Everything You Need To Know About Cranberries

shutterstock 316608350 scaled
Cranberries are a type of fruit native to North America and are widely known for their tart taste and vibrant red color. These berries are packed with antioxidants and nutrients, making them a popular ingredient in many dishes and a highly sought-after health food. 

What is a Cranberry?

Cranberry is a fruit native to North America and belongs to the Heather family of fruit known as Ericaceae, which also consists of blueberries, bilberries, and huckleberries. The scientific name for cranberry is Vaccinium macrocarpon.

Cranberries are also known by other names such as American cranberry, large cranberry, and bearberry. They are grown in acidic, peat-like soil and typically in cooler climates like the northern United States, Canada, and Europe.

The cranberry is a small, round fruit with a diameter of approximately 1 cm (0.4 in). It has a glossy, scarlet red exterior and a tart, sour flavor that can be slightly astringent. The cranberry interior is filled with tiny, edible, soft seeds.

One of the unique aspects of cranberry is its harvesting method. Cranberries are grown on low-lying vines in bogs flooded with water during harvest season. This causes the ripe berries to float to the surface, where they can be easily harvested.

shutterstock 1157644999
Ripe cranberries are ready to be harvested.

The History of Cranberries

The cranberry has become a popular year-round favorite due to its tangy taste, but did you know it also has an extensive history?

Before the Europeans arrived in America, indigenous people were already familiar with cranberry. Native Americans not only used it as a source of food but also as medicine and a dye for clothing. When the Pilgrims arrived, they noticed the cranberry’s pink blossom resembled the head of a crane and named it the “crane berry.” Eventually, the name was shortened to “cranberry.”

Cranberry farming began in New Jersey in 1835 near Burrs’ Mills in Burlington County. Harvesting cranberries was laborious, requiring many workers to gather berries by hand or scoop. Nowadays, wet-picking is the norm.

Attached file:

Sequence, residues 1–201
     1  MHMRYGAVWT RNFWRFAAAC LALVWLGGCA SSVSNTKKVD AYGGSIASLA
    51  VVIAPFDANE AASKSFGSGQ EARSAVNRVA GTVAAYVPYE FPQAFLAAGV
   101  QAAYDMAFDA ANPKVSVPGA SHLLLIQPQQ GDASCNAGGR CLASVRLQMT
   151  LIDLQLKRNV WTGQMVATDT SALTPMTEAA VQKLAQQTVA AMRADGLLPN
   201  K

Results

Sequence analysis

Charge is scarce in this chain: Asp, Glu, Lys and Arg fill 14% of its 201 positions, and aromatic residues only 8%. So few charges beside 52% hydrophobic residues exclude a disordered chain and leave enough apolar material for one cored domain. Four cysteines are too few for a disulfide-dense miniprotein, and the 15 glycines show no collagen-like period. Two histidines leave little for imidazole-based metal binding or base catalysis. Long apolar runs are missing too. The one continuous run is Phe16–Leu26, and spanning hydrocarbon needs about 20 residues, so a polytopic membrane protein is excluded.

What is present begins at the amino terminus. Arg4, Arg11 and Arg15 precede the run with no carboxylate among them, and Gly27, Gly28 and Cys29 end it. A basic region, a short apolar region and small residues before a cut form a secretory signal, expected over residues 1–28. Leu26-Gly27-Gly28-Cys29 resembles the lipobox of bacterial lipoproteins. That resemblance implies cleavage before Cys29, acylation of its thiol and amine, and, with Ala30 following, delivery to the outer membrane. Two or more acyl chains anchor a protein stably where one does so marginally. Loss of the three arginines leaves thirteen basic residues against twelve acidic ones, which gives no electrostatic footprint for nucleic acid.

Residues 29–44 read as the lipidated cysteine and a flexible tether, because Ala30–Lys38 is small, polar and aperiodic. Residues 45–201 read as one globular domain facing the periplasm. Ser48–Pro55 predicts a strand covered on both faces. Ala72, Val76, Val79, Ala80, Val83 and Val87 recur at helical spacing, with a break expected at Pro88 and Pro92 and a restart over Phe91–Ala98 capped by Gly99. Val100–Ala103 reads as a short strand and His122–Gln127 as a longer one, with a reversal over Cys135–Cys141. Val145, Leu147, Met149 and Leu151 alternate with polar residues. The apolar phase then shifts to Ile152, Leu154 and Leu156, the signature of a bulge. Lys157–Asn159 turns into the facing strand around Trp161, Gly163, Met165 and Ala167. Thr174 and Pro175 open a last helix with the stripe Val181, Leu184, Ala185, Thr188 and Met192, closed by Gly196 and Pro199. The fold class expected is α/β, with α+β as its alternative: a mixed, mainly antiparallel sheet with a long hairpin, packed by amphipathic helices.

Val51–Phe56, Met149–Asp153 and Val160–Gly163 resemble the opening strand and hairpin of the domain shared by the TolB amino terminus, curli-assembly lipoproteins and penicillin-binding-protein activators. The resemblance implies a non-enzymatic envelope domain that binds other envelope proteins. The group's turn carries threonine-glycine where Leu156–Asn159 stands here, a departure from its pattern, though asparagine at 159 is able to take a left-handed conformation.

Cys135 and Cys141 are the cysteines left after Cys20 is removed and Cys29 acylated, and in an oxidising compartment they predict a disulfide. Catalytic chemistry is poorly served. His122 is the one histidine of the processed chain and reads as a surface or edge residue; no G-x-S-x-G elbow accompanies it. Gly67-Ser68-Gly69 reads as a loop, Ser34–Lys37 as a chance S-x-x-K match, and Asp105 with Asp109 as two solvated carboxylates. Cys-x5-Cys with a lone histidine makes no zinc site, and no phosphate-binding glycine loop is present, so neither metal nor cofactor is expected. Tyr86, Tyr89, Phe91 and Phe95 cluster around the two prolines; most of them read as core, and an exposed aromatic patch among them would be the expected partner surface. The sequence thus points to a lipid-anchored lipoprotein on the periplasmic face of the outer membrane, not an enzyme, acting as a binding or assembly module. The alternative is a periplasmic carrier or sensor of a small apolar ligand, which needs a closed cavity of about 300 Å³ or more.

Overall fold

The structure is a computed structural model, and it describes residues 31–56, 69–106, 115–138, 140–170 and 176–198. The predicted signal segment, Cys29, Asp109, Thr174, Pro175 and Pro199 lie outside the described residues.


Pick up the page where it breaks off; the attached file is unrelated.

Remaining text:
In 1917, a cranberry farmer from New Jersey named Elizabeth Lee began selling canned cranberry sauce under the name “Bog Sweet.” Later, she joined forces with Marcus Urann of Massachusetts to form the company known as Ocean Spray, the largest cranberry growers organization in the United States.

Each autumn, the Cranberry Festival is held in Chatsworth, New Jersey, where many contests featuring cranberries take place. There’s also an annual Cranberry festival named Cranfest happening in Warrens, Wisconsin.

Wisconsin is also the largest producer of cranberries, followed by Massachusetts and Oregon.

What Does a Cranberry Taste Like?

Raw cranberries are known for their tart and sour taste, which can be intense and acidic. They have a slightly bitter aftertaste and a firm texture that can be tough to chew. Some people also describe the taste of raw cranberries as slightly astringent or puckering.

When cooked, cranberries are typically sweetened with sugar or other sweeteners to balance out their tartness. As a result, they take on a sweeter flavor profile and become less sour. They also become softer and juicier when cooked, making them ideal for sauces, jams, and other dishes.

Cooked cranberries can have a tangy, fruity flavor that pairs well with various foods, from meat to desserts.

How to Tell When Cranberries Ripe

To determine if a cranberry is ripe, you can look for the following visual characteristics:

ColorRipe cranberries are usually a deep red color. However, depending on the variety, they may be brighter red or even pinkish.
FirmnessRipe cranberries should feel firm and plump to the touch. 
SizeCranberries generally reach their maximum size when they are ripe. They should be round and about the size of a pea.

Note: When shopping for cranberries, look for fruit that is firm, plump, and has a deep red color. Avoid cranberries that are mushy, shriveled, or discolored. It’s also a good idea to check the packaging date to ensure that the cranberries are fresh.

What are Cranberry Bogs?

shutterstock 760487365
Workers gathering cranberries from a flooded bog in Carlilse, MA.

Cranberry bogs are wetland areas that are specifically cultivated to grow cranberry plants. 

The process of cranberry harvest is unique to the bogs in which the plants are grown. Typically, cranberries are harvested in the fall when the berries are fully mature and have turned a deep red color. There are two primary methods for harvesting cranberries: wet harvesting and dry harvesting.

Wet harvesting involves flooding the cranberry bog with water and using special equipment to agitate the water and dislodge the berries from the plants. The berries float to the surface, making them easier to collect. Once the berries have been gathered, they are taken to a processing facility, where they are cleaned, sorted, and packaged.

On the other hand, dry harvesting involves using a mechanical picker to harvest the berries directly from the plant. The picker gently combs through the vines, removing the berries without damaging the plant. The berries are then sorted and packaged.